Lucio Tan firm, Chinese infra giant sole bidder for $10B Cavite airport project | Inquirer Business

Lucio Tan firm, Chinese infra giant sole bidder for $10B Cavite airport project

07:13 PM December 17, 2019

MANILA, Philippines — A Chinese state-owned company and Philippine Airlines owner Lucio Tan forged an alliance to transform a former Air Force base in Sangley Point, Cavite into an international gateway to decongest Manila’s Ninoy Aquino International Airport (Naia).

China Communications Construction Co. Ltd. (CCCC), one of the country’s biggest infrastructure firms, and partner MacroAsia Corp., a publicly-listed aviation services firm owned by Tan, were the sole bidders for the Cavite government’s planned P500 billion Sangley Point International Airport.


“Upon perusal of their submission, their joint venture proposal was deemed complete, subject to detailed evaluation by the PPP (Public Private Partnership) selection committee,” Jesse Grepo, legal officer and secretary of the committee, said in a text message as the bid was opened Tuesday.

Five other potential bidders, including Manuel V. Pangilinan’s Metro Pacific Investments Corp. and Manuel Villar Jr.’s Prime Asset Ventures, did not submit proposals.


With no challengers, the CCCC-MacroAsia consortium is poised to win the project, which was structured as a venture with the local government unit, meaning it will not need the approval of agencies such as the National Economic and Development Authority to proceed.

Grepo said the review will likely last through next year with a potential awarding date on Jan. 15, 2020.  A ceremonial ground breaking could also happen on the same month, should the consortium meet all technical and financial requirements, he said.

MacroAsia officials did not respond to requests for comment on Tuesday.

The Sangley Point International Airport is the Cavite government’s response to congestion in Naia, which is located at a straight line distance of about 11-kilometers away.

It will require the reclamation of over 1,400 hectares of land around the current Danilo Atienza Air Base, the formal name of the existing Sangley Airport.

Eventually, the facility will be turned into a massive air hub with four runways and terminals capable of handling 100 million passengers annually— three times the design limits of Naia.

Some experts also believed Sangley’s proximity to Naia meant certain limitations for simultaneous operations.


In the Sangley project study, which was seen by the Inquirer, it was recommended that Naia focus operations on its main international runway. It acknowledged that some of Naia’s existing approach and departure airspace routes “overlap” with the airspace required for similar key structures at the Sangley Airport.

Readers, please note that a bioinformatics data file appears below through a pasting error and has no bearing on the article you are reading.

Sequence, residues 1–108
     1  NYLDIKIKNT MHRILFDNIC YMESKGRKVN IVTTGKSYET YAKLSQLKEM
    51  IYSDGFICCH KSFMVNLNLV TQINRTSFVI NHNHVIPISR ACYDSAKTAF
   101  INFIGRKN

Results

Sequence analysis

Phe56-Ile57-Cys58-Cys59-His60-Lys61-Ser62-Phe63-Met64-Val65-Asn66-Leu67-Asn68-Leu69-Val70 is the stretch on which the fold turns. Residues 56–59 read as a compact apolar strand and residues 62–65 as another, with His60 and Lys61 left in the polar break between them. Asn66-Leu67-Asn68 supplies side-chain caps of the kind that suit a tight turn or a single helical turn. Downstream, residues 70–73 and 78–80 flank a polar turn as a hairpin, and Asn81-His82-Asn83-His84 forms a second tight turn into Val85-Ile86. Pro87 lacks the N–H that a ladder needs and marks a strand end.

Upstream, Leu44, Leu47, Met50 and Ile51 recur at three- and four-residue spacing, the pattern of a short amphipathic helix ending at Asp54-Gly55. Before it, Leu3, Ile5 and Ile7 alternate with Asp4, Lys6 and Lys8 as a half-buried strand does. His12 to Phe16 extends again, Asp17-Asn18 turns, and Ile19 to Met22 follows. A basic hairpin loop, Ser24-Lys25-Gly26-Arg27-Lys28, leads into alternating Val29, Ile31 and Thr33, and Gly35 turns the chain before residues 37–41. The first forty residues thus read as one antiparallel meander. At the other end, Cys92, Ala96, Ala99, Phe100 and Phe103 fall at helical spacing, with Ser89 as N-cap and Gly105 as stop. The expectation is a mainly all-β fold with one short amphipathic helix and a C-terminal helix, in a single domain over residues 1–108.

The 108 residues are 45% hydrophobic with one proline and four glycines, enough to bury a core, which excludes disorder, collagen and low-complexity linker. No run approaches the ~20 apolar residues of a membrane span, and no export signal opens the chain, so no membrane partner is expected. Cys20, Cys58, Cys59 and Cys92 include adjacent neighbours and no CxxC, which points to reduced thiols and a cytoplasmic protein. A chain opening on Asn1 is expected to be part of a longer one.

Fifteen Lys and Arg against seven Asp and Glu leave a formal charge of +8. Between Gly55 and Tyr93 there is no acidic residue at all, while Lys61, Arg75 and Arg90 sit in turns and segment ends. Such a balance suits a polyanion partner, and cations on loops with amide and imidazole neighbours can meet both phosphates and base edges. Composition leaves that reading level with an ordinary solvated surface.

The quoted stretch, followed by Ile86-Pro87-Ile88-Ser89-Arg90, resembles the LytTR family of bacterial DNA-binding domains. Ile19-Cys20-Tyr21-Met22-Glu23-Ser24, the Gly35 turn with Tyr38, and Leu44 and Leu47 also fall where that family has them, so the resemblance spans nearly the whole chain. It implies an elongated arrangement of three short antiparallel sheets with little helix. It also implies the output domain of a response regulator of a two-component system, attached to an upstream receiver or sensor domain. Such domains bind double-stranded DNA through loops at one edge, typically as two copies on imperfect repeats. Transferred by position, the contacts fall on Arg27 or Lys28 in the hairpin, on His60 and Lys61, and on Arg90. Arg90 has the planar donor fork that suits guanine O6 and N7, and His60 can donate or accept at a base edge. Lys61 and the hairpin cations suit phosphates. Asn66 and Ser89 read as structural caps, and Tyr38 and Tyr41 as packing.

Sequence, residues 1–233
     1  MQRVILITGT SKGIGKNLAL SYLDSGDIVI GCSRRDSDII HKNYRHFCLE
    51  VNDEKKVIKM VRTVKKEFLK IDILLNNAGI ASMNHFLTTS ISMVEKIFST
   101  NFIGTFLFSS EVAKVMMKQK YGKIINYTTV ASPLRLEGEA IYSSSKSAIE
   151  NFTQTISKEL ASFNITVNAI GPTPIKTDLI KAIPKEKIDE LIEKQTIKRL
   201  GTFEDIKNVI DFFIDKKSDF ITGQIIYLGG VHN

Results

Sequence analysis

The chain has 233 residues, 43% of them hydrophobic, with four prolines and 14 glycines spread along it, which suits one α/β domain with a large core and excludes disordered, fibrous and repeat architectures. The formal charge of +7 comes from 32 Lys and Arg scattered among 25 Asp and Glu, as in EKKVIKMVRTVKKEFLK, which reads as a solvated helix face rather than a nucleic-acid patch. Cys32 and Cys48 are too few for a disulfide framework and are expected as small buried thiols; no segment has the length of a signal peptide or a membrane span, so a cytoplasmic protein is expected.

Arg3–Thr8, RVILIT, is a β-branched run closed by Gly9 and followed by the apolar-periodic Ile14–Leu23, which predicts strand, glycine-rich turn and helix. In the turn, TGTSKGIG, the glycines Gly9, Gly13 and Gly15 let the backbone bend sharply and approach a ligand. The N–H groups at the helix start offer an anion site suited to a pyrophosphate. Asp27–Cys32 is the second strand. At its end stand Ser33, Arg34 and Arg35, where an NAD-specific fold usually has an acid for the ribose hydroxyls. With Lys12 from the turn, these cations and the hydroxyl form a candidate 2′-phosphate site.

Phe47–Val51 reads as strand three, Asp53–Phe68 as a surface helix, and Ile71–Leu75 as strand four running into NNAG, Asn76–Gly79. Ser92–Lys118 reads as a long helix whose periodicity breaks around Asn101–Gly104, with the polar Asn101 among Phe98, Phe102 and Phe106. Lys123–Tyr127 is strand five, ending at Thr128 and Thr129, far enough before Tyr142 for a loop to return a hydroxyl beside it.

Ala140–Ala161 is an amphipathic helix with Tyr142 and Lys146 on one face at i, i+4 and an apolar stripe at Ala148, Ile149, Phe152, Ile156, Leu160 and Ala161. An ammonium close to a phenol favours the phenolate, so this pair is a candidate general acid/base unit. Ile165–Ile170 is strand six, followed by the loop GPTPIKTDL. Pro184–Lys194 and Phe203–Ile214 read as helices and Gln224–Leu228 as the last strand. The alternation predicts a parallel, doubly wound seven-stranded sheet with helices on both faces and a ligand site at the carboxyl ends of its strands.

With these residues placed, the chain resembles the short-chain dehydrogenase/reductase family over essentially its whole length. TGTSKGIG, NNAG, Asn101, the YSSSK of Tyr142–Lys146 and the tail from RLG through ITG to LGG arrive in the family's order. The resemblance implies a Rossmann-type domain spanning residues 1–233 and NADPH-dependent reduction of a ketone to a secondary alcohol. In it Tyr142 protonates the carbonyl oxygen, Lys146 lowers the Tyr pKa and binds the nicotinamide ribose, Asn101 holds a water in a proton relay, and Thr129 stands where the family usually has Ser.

The Sangley Point International Airport has also drawn criticism for its close association with the Chinese government. In its project study, the airport plan was described as aligned with China’s One Belt, One Road cross-border infrastructure plan.

“We see no problems with regard to national security,” Grepo said. He added that the project contained no sovereign guarantees and the offer on the table has a local partner, MacroAsia.

CCCC-MacroAsia was among seven groups that formally expressed their interest to bid by acquiring joint venture documents, which were issued last Oct. 11.

The other companies were Metro Pacific, Prime Asset Ventures, and Philippine Airport Ground Support Solutions Inc. led by businessman Jefferson Cheng. The two other entities were Langham Properties Inc. and Mosveldtt Law Offices.

Some of the bidders sought more time but requests were turned down by the Cavite government, which extended the first deadline on Nov. 25 to Dec. 17 this year.

Earlier, the Cavite government said the first phase of the project could be opened as early as 2022 with a capacity of 25 million passengers annually.

The current Sangley Airport is being readied by the Department of Transportation (DOTr) to handle general aviation and turboprop operations. The airport now has a 2,400-meter runway, a terminal for 160 passengers and an apron that can accommodate up to five turboprop planes.

The DOTr expects to be reimbursed for costs it incurred should the Cavite government’s plan push through, Transportation secretary Arthur Tugade earlier said.

The Sangley Point International Airport is part of the DOTr’s so-called multi gateway strategy to address congestion in Manila and nearby provinces.

Other gateways in the pipeline include San Miguel Corp.’s New Manila International Airport in Bulacan province and the ongoing expansion of the Clark International Airport in Pampanga province.

Naia itself is set to be upgraded via a 15-year proposal submitted by the Naia Consortium, a group of seven business groups that include Metro Pacific and another Tan-led firm called Asia Emerging Dragon.

MacroAsia president and chief operating officer Joseph Chua said in an interview last month that both airports can operate simultaneously.

“There is no conflict between Naia and Sangley. Although they are in close proximity, the aerodrome can be shared. It’s just a matter of management,” Chua said.

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TAGS: Airport, Cavite, China Communications Construction Co. Ltd., China’s One Belt, Danilo Atienza Air Base, DOTr, Infrastructure, Lucio Tan, MacroAsia Corp., One Road, Philippine Airlines, public-private partnership, Sangley Point, Sangley Point International Airport
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